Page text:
Mr. Herbert was an old bear who ought to have moved out of the neighborhood long ago if he didn't like it, she said. Instead, he stayed there with his daughter in his big old house behind his big old tree, driving his silly old car, and looking down his nose at everybody and always making trouble for the kids who climbed the tree and knocked down the chestnuts.

COMING home Monday evening Joe went into the corner drugstore to get a coke, and there was Miss Herbert at the counter buying some aspirin. She was carrying a big folio. The counter lights gleamed on her long black hair parted in the centre, and he saw that she had soft shy brown eyes. “Oh, hello,” he said.

“Why, hello,” she called as she turned to go “Have you started any more cars?” Forgetting about his coke he went out with her. “I go this way too," he said, falling in step. She held aloof until he asked what she was carrying in the folio, then she told him she was going to art school studying design and wanted to do interior decorating. And he told her he was at an airplane factory but was studying draftsmanship three nights a week at night school. He talked easily and eloquently. He had the fine Kuropean manners of his Polish father. As she kept glancing at him he didn’t know how it happened, but suddenly they started laughing and slowing down and her shy stiffness vanished, and he felt exuberant, then almost shy himself.

At the big chestnut tree she said reluctantly. "Well. I'm afraid I leave you here."

"Well, what’s your first name?”

“Laura. Laura. That’s a nice name. Say, why don’t we go to the movies some night?”

The shined-up old Cadillac came turning in at the Herbert drive and stopped at the garage. Mr. Herbert got out and stood there watching them.

“But you haven’t told me your own name,” she said.

“Joe Stanowski.”

"Stanowski."

"Yeah, that’s a Polish name. I just live across the street.”

"Oh. There."

"Well, I’ll call you." he said uneasily, for she looked embarrassed, and he thought it was because her unsmiling father was approaching with his slow deliberate stride, scrutinizing them boldly.

TUST before the street lights came ** on Joe was in the front room playing some records when he heard an angry shout coming from across the street. He looked out the window and saw Mr. Herbert on his steps waving his arms. A kid ran across the lawn and down the street. Another was swinging from a branch. His own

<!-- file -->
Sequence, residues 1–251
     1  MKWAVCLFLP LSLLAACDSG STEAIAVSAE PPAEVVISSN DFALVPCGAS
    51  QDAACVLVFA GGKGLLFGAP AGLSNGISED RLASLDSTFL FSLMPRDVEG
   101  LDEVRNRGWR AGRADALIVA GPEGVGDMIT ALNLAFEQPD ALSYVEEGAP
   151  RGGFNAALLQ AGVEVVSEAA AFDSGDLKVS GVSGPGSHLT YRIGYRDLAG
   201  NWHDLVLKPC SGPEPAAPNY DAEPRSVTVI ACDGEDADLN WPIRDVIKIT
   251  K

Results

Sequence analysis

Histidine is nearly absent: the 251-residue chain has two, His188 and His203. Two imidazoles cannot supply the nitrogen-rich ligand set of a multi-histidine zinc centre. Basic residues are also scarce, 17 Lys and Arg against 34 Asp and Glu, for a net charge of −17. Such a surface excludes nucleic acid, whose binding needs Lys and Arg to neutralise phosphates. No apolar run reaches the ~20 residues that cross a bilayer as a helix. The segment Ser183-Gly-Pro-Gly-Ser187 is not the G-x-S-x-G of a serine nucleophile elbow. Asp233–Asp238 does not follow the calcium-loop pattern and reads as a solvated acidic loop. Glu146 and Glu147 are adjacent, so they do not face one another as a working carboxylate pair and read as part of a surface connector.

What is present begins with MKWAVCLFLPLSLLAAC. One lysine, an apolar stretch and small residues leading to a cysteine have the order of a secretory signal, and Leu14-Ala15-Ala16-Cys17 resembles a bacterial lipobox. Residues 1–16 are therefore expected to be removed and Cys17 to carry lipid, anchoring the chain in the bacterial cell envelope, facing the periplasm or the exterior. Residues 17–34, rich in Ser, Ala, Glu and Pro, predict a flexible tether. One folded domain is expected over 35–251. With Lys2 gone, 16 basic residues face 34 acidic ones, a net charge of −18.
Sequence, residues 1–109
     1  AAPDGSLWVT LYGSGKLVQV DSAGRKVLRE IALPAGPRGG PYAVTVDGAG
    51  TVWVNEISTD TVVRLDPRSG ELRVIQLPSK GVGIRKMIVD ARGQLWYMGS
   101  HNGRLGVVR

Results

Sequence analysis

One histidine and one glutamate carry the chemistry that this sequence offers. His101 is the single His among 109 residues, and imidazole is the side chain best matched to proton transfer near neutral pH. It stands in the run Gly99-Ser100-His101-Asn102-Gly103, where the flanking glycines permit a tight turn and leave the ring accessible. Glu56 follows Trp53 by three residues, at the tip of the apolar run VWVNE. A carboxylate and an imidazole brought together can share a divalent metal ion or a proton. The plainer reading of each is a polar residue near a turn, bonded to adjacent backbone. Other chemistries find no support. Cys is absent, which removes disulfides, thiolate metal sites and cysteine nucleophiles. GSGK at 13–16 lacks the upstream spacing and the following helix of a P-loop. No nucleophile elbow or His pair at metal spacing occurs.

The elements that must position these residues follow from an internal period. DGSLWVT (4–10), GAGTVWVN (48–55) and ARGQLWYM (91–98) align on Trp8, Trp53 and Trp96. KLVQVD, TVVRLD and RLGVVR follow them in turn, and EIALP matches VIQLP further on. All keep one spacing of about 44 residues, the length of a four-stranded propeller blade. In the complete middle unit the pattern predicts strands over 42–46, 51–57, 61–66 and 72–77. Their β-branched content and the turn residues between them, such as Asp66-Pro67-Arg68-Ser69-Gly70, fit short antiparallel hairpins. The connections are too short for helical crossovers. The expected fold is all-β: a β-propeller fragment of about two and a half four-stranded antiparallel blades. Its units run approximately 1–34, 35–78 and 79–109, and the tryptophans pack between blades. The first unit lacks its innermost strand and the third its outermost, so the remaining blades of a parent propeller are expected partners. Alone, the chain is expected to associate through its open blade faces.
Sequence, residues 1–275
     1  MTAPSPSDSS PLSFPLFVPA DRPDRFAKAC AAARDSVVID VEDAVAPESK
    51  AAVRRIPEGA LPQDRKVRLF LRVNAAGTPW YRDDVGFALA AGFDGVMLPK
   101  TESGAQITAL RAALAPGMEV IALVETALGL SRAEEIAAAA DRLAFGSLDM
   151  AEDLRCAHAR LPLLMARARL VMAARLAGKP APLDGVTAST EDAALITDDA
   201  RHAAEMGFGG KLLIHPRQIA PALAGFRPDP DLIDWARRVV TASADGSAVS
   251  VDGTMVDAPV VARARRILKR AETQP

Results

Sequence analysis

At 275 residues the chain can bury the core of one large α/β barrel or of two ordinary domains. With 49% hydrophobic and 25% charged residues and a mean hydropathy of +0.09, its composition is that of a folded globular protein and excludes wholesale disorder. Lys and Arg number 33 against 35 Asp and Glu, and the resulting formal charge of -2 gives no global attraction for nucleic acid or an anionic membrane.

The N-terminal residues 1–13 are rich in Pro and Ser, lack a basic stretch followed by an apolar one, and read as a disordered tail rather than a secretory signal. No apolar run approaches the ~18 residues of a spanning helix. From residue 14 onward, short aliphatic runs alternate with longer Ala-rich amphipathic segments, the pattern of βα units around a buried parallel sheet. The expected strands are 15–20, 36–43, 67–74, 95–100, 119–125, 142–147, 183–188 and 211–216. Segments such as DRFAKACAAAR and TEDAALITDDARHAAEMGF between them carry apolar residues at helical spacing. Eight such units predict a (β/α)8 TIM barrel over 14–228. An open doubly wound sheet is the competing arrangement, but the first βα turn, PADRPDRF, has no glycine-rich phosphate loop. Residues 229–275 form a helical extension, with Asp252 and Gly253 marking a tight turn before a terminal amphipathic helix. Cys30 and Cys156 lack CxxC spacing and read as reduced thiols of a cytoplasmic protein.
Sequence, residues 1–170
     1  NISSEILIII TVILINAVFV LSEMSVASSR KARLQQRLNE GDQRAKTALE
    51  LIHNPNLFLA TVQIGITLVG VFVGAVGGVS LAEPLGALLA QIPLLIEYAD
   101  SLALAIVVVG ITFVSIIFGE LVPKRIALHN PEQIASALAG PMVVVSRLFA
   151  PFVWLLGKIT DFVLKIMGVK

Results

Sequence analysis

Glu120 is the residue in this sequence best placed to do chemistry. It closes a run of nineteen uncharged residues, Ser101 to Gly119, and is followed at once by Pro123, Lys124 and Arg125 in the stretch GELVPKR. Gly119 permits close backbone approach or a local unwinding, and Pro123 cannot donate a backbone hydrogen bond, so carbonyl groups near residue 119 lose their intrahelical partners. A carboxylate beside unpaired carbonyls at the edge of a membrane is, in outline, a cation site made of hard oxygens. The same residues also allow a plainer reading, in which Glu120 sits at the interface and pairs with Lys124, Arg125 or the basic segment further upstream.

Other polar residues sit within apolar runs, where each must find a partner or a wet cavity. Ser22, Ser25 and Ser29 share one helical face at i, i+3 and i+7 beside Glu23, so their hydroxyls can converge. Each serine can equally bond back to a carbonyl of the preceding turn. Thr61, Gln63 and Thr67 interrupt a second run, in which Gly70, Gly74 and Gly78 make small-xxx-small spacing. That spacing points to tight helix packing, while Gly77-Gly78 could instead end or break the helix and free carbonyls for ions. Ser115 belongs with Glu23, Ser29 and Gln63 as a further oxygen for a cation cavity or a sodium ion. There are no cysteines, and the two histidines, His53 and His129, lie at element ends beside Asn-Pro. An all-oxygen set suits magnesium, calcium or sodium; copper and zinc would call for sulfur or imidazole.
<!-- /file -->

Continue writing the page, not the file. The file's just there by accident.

brother, Pete, came running across the road heading for home with chestnuts dropping from his pockets and bouncing on the pavement, until he realized he was betraying his identity, then he circled away and went on down the

Coming down the steps slowly Mr. Herbert stood on the lawn, looking up at the tree, then he put his hands on his hips and surveyed the litter of sticks and stones the kids had thrown at the chestnuts, and the leaves they had knocked down He began methodically to pick up the sticks and stones, t' en

suddenly he straightened and glared at the apartment house. Dropping the sticks he came striding across the street.

“Mother, mother,” Joe called. “Here comes Mr. Herbert. Pete has been at

“Oh, my. You speak — No, you keep out of it. I'll speak." she said, hurrying from the kitchen and smoothing her grey hair She tried to pull off her apron, had difficulty with it and grew flustered, but she was at the door when Mr. Herbert knocked.

"Ah. Mr. Herbert,” she said, with her broad Polish accent

“Madan o."he began, but he couldn’t maintain his enormously superior tone with his dark gloomy face full of violence. "That boy of yours,” he snapped at her. “That little vandal—” When Mrs. Stanowski tried to interrupt him he lost his temper completely. "None of you people have any respect for a man's property. Why don’t you keep to yourselves?”

“Such a way to talk over t few chestnuts.” Joe heard his mother say. When she spoke slowly she spoke very good Fjnglish and he hoped she wouldn’t get excited: then suddenly words

poured from her in Polish and broken English. ‘‘Mother,” Joe called anxiously, and then he was standing behind her, and Mr. Herbert had shifted his eyes to him. "The police, no doubt, will understand you better than I do.” Mr. Herbert said sharply. “In the meantime.” he added, his eyes meeting Joe’s, “keep away from my tree. Do you understand?” And he walked